Grief…. Spiritual Coaching (3/93)
My heart is filled with great sadness and grief as I along with our whole community mourn the death of a seventeen year old young man that many of us loved and were influenced by. The death of any young person is tragic but they are also very personal. Sometimes one death becomes a very public as well as private grief. Jake West was one such young man. This is the reason I have not been writing for a few days.
This is an article from “LaPorte County Life,” an online news agency in our area:
The hardest thing a parent has to go through in life is having its child die unexpectedly. This week, the La Porte community suffered a terrible tragedy with the sudden passing of junior linebacker Jake West duringWednesday’s football practice.
West died of what La Porte County Coroner John Sullivan described as, “natural causes of an unforeseen congenital heart problem.”
His untimely death brought not only the city of La Porte, but La Porte County together.
Sunday afternoon, the cheers that normally accompany an event at Kiwanis Field were replaced by tears and the Celebration of Life for the 17-year-old La Porte High School student, who everyone said made a positive impact on anyone he met.
The west side bleachers of Kiwanis Field were packed with family, friends and people from all walks of life who came to pay tribute. The biggest tribute came from area football programs from throughout The Region in which coaches and players wore their uniforms and gathered on the field. Some area programs brought autographed footballs and other mementoes as a tribute to West and his family.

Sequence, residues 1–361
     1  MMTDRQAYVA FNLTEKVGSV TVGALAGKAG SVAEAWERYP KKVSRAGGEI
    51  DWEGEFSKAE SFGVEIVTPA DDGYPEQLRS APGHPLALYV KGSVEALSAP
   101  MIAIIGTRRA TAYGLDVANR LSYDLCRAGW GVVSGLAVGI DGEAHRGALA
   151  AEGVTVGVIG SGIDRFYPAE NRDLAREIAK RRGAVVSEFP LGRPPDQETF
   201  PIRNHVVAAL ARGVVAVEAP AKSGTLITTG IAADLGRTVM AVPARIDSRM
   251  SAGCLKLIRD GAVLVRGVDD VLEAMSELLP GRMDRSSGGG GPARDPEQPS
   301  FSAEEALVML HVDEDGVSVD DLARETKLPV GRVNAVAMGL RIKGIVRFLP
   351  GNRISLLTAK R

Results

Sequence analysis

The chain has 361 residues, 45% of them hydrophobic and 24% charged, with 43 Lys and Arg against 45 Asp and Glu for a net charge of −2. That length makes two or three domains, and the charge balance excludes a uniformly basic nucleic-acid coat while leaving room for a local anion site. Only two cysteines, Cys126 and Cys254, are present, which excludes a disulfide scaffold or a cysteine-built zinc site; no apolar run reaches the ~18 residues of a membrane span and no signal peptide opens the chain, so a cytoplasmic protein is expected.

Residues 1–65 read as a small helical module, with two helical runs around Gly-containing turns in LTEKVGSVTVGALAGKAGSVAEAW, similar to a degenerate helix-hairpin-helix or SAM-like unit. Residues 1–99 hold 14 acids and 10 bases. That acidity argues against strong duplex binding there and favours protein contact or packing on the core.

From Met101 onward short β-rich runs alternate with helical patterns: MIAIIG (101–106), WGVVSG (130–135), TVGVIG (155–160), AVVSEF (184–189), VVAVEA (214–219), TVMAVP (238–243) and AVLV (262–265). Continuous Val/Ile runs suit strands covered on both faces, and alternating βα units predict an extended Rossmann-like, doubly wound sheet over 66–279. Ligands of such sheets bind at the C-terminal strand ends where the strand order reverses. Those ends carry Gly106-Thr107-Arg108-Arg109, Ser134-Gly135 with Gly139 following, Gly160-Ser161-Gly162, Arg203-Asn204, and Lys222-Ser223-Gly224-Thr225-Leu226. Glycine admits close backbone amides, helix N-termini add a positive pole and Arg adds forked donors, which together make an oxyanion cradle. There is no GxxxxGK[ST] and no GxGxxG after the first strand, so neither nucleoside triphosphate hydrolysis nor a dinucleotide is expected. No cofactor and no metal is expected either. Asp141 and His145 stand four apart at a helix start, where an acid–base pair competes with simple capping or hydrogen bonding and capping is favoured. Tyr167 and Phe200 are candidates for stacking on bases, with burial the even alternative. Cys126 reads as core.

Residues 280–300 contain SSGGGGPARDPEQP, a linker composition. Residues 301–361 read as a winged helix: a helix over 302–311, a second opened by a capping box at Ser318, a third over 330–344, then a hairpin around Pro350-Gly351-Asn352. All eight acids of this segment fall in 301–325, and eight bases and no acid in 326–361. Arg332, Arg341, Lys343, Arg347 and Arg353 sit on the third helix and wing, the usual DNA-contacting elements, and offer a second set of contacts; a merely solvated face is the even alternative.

Pastor Dennis Meyer of the Bethany Lutheran Church of La Porte officiated.
“He was not a perfect human being. None of us are,”Meyer said. “But his field of play went far beyond any stadium. We think in terms of time. For God, this life we live is really a preschool to eternity. Jake passed preschool with flying colors.”
Among the other dignitaries at Sunday’s event were La Porte Mayor Blair Milo, who read scripture, La Porte Ministerial Association President Mike Suttonand La Porte High School Principal Ben Tonagel. La Porte Lacrosse coach Jake Maxey and La Porte football coach Bob Schellinger also spoke.
“There have been several times in my coaching career that I have come together with families of athletes that have left us way too soon,” Schellinger said. “What always amazes me is the impact that these young people such as Jake have had on others. In media and society where everything revolves around winning and losing, athletics teaches us about morals, leadership and friendship, loyalty and responsibility.”
“See, we are in the kid business,” he went on to say. “We try to help boys and girls become good young men and women. The fellow teammates of Jake that have come here to pay their respects is a testimony to Jake; To how well he contributed to our football family. In today’s world, children have to make many decisions and choices. Jake made an awful lot of right decisions in his lifetime. He attacked lacrosse and football with vigor. But always with a smile.”